The 'Building Resilience in the Arid and Semi-Arid Lands of Northern Kenya' project was implemented in Turkana County, in Northern Kenya, between July 2012 and April 2015. The project was designed to build the resilience of project participants to a number of shocks and stresses: droughts - which threaten the area annually - floods and outbreaks of human and animal diseases on the one hand, and anthropocentric risks on the other hand, such as fire, livestock theft, and conflicts. The project worked at different levels to try and reduce households' vulnerability to these risks, through Community-Managed Disaster Risk Reduction (CMDRR) and integration of community-level plans and committees into the work of the county government. This Effectiveness Review used a quasi-experimental evaluation design to assess the impact of the project activities, at the household- and community-level. The results provide evidence that the project had had a positive impact on households' resilience capacities. This report is part of Oxfam's Effectiveness Review series.
World Wildlife Fund (WWF);
Among the six-infrastructure themes that this assessment focused on, roads seem to have the highest amount of impact on the snow leopard habitat. Experts' ranking ranged from 61% for road to 12.4% for settlement. Impact due to high density road infrastructure on snow leopard habitat ranges from 5,725km2 to 17,775km2. Prediction maps show an area (greater than 90 percentile) measuring between 525km2 and 625km2 as high impact zone in snow leopard habitat, affected by infrastructural development. The study concluded that the current cumulative effect of infrastructural development on snow leopard habitat is low. However, future impact scenario shows an increase of 50% impact area, most of which within or traversing through the core snow leopard habitats. Therefore, it is likely that snow leopard habitats would be subjected to a high degree of fragmentation, deterioration and human disturbances in the future.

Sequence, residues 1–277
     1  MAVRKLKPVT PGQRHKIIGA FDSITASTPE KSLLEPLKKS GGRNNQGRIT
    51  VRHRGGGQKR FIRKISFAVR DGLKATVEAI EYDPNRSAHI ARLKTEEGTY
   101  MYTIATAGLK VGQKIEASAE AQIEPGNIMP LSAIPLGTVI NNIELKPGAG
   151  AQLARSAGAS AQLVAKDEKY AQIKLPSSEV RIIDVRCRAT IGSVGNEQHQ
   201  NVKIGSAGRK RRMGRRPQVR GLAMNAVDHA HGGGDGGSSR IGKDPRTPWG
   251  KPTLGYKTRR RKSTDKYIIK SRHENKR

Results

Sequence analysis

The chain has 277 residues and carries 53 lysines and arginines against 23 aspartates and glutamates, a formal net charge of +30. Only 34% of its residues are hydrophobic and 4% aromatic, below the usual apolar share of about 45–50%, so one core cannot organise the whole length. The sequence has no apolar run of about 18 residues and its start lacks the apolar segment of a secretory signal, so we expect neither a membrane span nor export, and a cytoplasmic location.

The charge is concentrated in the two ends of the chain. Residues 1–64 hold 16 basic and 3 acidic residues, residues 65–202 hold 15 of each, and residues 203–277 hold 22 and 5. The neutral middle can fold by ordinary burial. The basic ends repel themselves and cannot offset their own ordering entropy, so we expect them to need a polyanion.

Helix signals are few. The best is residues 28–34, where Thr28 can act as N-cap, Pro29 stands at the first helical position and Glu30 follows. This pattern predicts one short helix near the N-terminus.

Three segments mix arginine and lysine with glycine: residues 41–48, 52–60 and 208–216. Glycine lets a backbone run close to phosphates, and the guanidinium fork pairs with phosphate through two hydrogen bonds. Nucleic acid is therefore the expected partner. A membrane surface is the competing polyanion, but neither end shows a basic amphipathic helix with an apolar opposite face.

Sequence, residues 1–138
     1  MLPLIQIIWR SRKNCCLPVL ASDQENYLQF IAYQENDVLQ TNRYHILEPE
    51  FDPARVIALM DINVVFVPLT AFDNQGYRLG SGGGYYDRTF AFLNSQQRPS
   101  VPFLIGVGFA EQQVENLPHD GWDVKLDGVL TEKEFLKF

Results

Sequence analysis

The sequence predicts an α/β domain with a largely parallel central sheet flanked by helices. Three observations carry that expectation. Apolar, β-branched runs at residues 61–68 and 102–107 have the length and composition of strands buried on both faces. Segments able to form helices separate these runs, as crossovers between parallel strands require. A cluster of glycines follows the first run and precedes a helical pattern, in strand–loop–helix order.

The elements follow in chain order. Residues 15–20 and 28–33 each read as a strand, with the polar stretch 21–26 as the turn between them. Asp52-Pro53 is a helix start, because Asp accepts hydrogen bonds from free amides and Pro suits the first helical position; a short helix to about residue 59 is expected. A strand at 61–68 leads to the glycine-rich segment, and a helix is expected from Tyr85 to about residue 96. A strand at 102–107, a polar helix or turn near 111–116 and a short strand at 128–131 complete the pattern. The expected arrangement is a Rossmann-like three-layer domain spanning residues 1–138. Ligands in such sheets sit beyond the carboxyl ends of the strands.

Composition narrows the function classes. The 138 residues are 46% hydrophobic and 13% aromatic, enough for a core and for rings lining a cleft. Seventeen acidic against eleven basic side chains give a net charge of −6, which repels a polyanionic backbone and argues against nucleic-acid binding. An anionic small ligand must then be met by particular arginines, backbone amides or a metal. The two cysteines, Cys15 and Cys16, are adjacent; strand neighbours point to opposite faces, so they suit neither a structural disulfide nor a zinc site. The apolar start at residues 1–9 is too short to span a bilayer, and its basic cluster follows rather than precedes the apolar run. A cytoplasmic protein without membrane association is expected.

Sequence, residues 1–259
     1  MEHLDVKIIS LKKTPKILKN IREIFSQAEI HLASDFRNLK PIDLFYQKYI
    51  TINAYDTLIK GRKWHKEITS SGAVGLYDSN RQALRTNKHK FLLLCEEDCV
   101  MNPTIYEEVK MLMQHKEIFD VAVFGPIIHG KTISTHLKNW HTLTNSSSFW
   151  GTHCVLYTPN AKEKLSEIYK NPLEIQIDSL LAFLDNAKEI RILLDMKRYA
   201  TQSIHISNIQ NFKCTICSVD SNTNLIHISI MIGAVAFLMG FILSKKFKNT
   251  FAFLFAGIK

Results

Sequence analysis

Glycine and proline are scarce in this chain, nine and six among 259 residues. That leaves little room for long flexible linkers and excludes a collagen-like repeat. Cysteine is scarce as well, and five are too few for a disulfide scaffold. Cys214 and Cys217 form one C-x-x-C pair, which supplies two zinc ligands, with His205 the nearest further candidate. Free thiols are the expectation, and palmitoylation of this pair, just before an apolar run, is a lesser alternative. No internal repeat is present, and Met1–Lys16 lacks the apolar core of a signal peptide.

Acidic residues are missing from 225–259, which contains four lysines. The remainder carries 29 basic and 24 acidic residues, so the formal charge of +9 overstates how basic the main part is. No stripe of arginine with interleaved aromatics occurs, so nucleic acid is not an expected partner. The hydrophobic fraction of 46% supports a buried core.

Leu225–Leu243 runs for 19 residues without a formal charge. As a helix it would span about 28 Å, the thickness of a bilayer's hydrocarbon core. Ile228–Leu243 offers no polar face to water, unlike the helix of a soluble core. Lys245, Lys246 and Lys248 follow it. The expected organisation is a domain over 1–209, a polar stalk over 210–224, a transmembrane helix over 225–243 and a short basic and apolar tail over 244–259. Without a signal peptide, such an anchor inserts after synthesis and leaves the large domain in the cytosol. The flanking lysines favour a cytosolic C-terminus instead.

Center for Biological Diversity;
Mexico is one of the world's most biologically rich nations, with diverse landscapes that are home to a treasure trove of wildlife, including plant and animal species found nowhere else. Sadly, in Mexico and around the world, species are becoming extinct because of human activities at rates never seen before.In this report we highlight the threats facing Mexico's 10 most iconic endangered species to help illustrate thebroader risks confronting the country's imperiled plants and animals. These 10 species -- which in most cases are protected only on paper -- were chosen to reflect Mexico's diversity of wildlife and ecosystems and the wide range of threats to the country's biodiversity. New awareness of these unique animals and plants is critical to inspiring a nationwide demand to protect these critical components of Mexico's natural heritage.